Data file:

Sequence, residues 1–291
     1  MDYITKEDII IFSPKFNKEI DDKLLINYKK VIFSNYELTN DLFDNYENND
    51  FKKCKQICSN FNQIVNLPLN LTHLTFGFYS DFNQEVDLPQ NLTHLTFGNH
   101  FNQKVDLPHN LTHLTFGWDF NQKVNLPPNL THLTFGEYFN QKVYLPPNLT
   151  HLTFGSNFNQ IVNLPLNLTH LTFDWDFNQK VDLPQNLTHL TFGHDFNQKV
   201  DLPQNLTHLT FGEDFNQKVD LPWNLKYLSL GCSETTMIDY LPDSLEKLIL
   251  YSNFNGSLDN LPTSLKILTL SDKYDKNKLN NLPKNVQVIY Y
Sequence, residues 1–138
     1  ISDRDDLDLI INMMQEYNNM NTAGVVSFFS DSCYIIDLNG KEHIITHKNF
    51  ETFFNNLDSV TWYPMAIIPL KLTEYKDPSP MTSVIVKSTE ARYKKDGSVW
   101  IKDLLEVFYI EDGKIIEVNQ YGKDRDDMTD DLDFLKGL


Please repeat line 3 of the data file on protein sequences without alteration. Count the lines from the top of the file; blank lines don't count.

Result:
    51  FKKCKQICSN FNQIVNLPLN LTHLTFGFYS DFNQEVDLPQ NLTHLTFGNH